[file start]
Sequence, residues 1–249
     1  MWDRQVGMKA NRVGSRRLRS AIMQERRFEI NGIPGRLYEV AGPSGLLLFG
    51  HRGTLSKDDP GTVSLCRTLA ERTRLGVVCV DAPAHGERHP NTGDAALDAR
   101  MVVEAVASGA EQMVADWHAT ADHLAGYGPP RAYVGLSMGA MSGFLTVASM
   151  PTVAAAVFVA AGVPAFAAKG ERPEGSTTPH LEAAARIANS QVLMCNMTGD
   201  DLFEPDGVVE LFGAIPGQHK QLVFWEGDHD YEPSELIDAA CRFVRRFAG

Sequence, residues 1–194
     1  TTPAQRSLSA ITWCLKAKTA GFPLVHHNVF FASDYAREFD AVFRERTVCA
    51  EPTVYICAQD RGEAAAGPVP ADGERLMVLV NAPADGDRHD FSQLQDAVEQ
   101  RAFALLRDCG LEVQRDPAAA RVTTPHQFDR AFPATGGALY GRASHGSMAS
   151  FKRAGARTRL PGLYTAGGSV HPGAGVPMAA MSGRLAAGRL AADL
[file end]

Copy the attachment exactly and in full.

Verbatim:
Sequence, residues 1–249
     1  MWDRQVGMKA NRVGSRRLRS AIMQERRFEI NGIPGRLYEV AGPSGLLLFG
    51  HRGTLSKDDP GTVSLCRTLA ERTRLGVVCV DAPAHGERHP NTGDAALDAR
   101  MVVEAVASGA EQMVADWHAT ADHLAGYGPP RAYVGLSMGA MSGFLTVASM
   151  PTVAAAVFVA AGVPAFAAKG ERPEGSTTPH LEAAARIANS QVLMCNMTGD
   201  DLFEPDGVVE LFGAIPGQHK QLVFWEGDHD YEPSELIDAA CRFVRRFAG

Sequence, residues 1–194
     1  TTPAQRSLSA ITWCLKAKTA GFPLVHHNVF FASDYAREFD AVFRERTVCA
    51  EPTVYICAQD RGEAAAGPVP ADGERLMVLV NAPADGDRHD FSQLQDAVEQ
   101  RAFALLRDCG LEVQRDPAAA RVTTPHQFDR AFPATGGALY GRASHGSMAS
   151  FKRAGARTRL PGLYTAGGSV HPGAGVPMAA MSGRLAAGRL AADL